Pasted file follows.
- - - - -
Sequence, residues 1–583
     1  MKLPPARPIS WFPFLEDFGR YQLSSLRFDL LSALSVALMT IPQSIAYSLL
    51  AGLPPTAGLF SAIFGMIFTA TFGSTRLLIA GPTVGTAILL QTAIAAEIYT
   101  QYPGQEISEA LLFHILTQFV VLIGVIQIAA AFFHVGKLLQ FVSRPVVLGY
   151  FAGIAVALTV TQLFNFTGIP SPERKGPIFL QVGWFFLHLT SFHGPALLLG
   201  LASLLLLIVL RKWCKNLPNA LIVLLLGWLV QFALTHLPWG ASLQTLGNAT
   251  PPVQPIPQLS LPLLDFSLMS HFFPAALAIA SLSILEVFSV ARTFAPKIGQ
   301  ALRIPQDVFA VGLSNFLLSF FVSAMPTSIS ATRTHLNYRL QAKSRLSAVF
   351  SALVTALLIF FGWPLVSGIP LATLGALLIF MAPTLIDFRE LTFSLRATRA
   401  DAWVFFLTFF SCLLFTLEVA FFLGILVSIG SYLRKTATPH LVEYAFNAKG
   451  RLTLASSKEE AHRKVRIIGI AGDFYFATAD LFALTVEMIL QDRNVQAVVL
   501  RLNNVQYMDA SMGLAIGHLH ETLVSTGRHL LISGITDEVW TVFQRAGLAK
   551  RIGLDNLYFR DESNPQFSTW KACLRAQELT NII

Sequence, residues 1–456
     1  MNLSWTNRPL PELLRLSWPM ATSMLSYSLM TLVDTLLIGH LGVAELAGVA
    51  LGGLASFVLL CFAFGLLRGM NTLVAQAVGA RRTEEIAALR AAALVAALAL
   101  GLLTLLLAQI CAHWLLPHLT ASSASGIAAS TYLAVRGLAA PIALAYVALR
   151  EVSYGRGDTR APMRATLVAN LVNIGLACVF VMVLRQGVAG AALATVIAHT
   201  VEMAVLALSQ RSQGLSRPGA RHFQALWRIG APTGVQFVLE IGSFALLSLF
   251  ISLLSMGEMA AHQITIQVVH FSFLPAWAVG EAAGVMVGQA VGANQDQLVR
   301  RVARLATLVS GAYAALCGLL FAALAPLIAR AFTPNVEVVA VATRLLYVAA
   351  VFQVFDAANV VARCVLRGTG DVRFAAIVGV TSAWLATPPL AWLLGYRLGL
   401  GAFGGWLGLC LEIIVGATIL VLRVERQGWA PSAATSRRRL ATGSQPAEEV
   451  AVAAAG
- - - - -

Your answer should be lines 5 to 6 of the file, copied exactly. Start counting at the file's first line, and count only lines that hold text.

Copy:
   151  FAGIAVALTV TQLFNFTGIP SPERKGPIFL QVGWFFLHLT SFHGPALLLG
   201  LASLLLLIVL RKWCKNLPNA LIVLLLGWLV QFALTHLPWG ASLQTLGNAT